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Hanging up the handbag
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Hanging up the handbag

I can’t remember when exactly in the pandemic it happened, but I’ve basically stopped carrying a purse.

I know I’m not alone: a Facebook friend recently posted about this, and it elicited a lot of responses. Early pandemic lockdowns rendered my bags useless; I wasn’t going anywhere and, if I was, it was out for a walk. When I started venturing out more, I liked the unencumbered feeling of not carrying a purse. I felt free.

After all, for most outings, a basic formula is all that’s required: phone, keys, wallet/cards — and, in COVID times, mask.

When you have a purse, it becomes: phone, keys, wallet/cards, mask — plus sunglasses, lip balm, a bunch of receipts, a reusable bag, several lipsticks, a pen, a cough drop that has wiggled out of its wrapper and is now covered in the mystery lint endemic to purses, tampons, Kleenex, a mirror, more receipts, a reusable straw, a water bottle, a tangled ball of earbuds, a phone charger, a wad of fast-food napkins in case you run out of Kleenex, a crusty mascara you should probably throw out, medications, your partner’s medications and, if you have kids, wipes, a sprinkle of loose Goldfish crackers, and some toy they insisted on bringing with them but cannot possibly carry any longer. A purse packed as though you are about to head out on a 26-hour road trip and not, you know, a Superstore run.

American comedian Iliza Schlesinger has a bit about how women have a “designated search claw” to comb through the “seventh layer of hell that is the bottom of your bag. It’s just a graveyard of dismembered pens. There’s coins. Why is there always a Nature Valley granola bar crumbled at the bottom?” (Always!) 

Not carrying a purse is great, 10/10 would recommend. I feel streamlined, navigating a friction-free existence — like an assassin. Or a man.

That’s why, when True North Sports and Entertainment tweeted out a reminder about its “no bag” policy in the fall, I was a bit surprised about the angry responses — especially considering there are child-care/medical exceptions and, in fact, the venue permits clutch-sized purses, which can actually fit a shocking amount if you Tetris it all in there.

Fans line up to enter the Canada Life Centre in October. (Jessica Lee / Winnipeg Free Press files) Reporter: Mike

While a few critics rightly pointed out that such a policy is a pain for people who have arrived to the arena from somewhere or have used active transportation to get there, many tweets were a variation on a theme: what about tampons?

OK, what about tampons? How many tampons do you realistically need for a hockey game — even one that goes into overtime? Was your purse packed by the team of NASA engineers who sent Sally Ride to space with 100 tampons

I would argue that purses themselves are the real tool of the patriarchy, here, putting the onus of preparedness for any scenario on the shoulders — quite literally — of women. We’re expected to haul around the contents of an entire Shopper’s Drug Mart in a bag that could comfortably house a small terrier because, what, we are socially and culturally expected to look a certain way and anticipate the needs of others? Get outta here.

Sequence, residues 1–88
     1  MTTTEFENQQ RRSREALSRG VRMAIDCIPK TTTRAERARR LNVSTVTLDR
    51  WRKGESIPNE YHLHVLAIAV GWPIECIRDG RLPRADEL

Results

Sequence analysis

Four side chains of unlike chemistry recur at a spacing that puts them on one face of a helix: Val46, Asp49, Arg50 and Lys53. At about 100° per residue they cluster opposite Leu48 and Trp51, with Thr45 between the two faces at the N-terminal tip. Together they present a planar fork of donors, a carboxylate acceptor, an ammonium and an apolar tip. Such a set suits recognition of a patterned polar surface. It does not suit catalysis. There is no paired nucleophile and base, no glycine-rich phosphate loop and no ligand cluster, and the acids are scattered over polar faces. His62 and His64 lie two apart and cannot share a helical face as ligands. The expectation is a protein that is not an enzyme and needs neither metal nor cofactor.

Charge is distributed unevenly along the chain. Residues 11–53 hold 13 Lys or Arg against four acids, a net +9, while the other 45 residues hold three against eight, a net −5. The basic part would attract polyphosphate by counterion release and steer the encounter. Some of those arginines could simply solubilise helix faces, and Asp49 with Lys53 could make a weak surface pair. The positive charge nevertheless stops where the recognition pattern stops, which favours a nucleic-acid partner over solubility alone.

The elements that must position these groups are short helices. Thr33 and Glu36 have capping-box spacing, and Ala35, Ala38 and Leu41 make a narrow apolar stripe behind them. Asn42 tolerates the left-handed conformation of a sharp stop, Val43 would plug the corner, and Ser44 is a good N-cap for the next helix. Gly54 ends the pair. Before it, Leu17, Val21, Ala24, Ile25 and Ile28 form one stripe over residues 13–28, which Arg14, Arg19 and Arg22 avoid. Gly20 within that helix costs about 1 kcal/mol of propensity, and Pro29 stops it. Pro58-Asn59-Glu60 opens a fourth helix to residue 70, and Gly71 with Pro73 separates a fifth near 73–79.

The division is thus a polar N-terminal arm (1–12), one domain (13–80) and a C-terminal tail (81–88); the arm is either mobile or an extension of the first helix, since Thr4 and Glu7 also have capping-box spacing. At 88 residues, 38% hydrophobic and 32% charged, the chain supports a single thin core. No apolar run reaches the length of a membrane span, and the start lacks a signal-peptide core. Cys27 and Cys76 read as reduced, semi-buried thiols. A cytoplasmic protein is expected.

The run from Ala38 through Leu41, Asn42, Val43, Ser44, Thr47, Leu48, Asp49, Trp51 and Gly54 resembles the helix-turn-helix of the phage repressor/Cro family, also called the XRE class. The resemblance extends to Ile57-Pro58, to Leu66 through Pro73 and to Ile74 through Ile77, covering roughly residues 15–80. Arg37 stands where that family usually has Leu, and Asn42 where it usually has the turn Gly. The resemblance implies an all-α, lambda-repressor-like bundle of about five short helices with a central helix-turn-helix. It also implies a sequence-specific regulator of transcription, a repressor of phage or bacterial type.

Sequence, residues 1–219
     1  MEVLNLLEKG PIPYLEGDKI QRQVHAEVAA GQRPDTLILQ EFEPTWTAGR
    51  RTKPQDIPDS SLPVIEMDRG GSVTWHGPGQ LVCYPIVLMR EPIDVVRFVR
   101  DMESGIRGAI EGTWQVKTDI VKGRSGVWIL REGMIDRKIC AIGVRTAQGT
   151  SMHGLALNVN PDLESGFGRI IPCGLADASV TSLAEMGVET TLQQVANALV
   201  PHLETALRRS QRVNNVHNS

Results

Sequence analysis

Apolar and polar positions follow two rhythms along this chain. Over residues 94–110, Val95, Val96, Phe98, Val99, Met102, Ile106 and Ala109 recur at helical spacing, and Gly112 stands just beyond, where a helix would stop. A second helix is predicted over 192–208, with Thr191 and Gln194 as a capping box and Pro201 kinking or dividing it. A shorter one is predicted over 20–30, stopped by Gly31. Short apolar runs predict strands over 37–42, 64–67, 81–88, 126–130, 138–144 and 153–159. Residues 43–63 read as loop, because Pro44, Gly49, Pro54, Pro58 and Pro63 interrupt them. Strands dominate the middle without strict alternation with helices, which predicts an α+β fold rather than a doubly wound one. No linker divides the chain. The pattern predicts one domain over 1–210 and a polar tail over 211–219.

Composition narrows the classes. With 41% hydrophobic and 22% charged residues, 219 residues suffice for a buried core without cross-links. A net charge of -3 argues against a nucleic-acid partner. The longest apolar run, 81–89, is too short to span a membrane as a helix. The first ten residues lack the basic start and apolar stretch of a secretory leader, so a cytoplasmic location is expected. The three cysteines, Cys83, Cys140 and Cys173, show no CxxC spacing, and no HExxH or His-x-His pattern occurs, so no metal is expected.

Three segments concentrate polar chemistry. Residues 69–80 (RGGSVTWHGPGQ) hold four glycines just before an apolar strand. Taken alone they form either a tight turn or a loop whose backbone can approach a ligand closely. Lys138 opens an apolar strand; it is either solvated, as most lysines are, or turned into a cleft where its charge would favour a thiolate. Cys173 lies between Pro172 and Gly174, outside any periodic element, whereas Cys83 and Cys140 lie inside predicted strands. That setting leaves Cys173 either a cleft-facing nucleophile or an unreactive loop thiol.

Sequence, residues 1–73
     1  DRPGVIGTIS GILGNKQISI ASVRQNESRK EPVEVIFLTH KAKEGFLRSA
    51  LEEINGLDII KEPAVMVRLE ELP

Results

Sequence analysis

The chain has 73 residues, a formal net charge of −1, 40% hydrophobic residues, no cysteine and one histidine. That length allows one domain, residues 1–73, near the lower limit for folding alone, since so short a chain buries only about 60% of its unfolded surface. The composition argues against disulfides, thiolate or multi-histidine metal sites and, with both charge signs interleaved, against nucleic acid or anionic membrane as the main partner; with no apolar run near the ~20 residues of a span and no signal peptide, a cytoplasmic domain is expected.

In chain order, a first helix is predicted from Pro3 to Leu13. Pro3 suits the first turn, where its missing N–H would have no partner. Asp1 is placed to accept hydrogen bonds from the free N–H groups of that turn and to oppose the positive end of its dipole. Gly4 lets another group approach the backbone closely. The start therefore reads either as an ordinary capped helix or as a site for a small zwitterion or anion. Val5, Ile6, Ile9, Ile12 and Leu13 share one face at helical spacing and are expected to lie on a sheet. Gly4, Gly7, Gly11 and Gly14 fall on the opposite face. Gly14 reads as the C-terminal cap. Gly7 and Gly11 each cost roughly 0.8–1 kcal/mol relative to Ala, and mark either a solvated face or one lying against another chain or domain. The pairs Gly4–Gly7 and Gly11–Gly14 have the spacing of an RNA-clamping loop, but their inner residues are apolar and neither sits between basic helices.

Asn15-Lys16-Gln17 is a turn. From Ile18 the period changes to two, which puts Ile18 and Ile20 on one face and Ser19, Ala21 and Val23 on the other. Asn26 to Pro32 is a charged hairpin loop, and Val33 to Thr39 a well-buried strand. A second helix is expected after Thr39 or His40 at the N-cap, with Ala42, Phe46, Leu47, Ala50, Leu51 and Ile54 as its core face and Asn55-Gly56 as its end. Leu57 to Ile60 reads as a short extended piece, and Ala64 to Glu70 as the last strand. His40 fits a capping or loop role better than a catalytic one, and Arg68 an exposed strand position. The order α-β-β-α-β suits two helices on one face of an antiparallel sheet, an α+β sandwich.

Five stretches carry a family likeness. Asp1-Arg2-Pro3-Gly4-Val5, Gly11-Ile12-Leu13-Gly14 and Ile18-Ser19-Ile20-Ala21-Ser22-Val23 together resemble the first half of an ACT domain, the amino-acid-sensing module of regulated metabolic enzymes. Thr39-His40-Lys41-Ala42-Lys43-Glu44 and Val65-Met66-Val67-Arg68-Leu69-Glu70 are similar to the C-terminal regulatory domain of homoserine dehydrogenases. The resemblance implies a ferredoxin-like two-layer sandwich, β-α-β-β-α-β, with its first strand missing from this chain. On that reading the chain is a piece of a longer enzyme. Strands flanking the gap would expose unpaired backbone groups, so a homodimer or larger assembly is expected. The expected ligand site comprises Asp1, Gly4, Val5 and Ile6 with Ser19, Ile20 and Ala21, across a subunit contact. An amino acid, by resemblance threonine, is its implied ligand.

Also, have you seen women’s clothing? There’s a reason “thanks, it has pockets!” has practically become a clichéd response to a compliment about a dress: pockets are so rare as to be a pleasant surprise. My niece dropped a “thanks, it has pockets!” on me at three years old. Maybe if we had some dang pockets we wouldn’t need aquarium-sized bags on our person.

I do own some beautiful bags, and I still use them when the mood strikes (and sometimes you really do need a day’s worth of items when you are out of the house). But I like the feeling of not being bogged down by my mental load made visible, because what is a purse if not a receptacle for expectations and responsibilities?

Still, I don’t think the handbag — either as a status symbol and utilitarian item — is going anywhere. Purse revenues were already rebounding as of last fall. But I’ll tell you this: my next bag will be a fanny pack.

Jen Zoratti

Jen Zoratti, Columnist

Jen Zoratti

Reading/Watching/Listening

I binged Inventing Anna, the Netflix miniseries from Shonda Rhimes (Grey’s Anatomy, Scandal) about Anna Delvey a.k.a. Anna Sorokin, the fake German heiress that conned her way into the upper echelons of New York society and swindled everyone from friends to banks out of money. She was arrested in 2017 and sentenced to four to 12 years in prison in 2019. Inventing Anna is based on a New York Magazine article by Jessica Pressler, who also wrote the article that inspired the 2019 film Hustlers.

Julia Garner, left, and Anna Chlumsky in ’Inventing Anna.’ (Nicole Rivelli / Netflix / The Associated Press)

I followed the Anna Delvey story at the time — which dovetailed with a larger pop cultural obsession with grifters of all stripes — so I was excited to see the Shondaland take. The amazing Julia Garner (Ozark) plays Anna Delvey, absolutely nailing her strange Russian-German accent and her cockeyed confidence. Anna Chlumsky plays a fictionalized version of Pressler named Vivian Kent, who becomes obsessed with Anna’s story — and Anna herself.

It’s a dishy story well told — each episode focuses on a different mark — but if you’re looking for a realistic (or ethical) portrayal of journalism, this… isn’t it. (This is a good piece by another reporter who covered the Delvey trial.)

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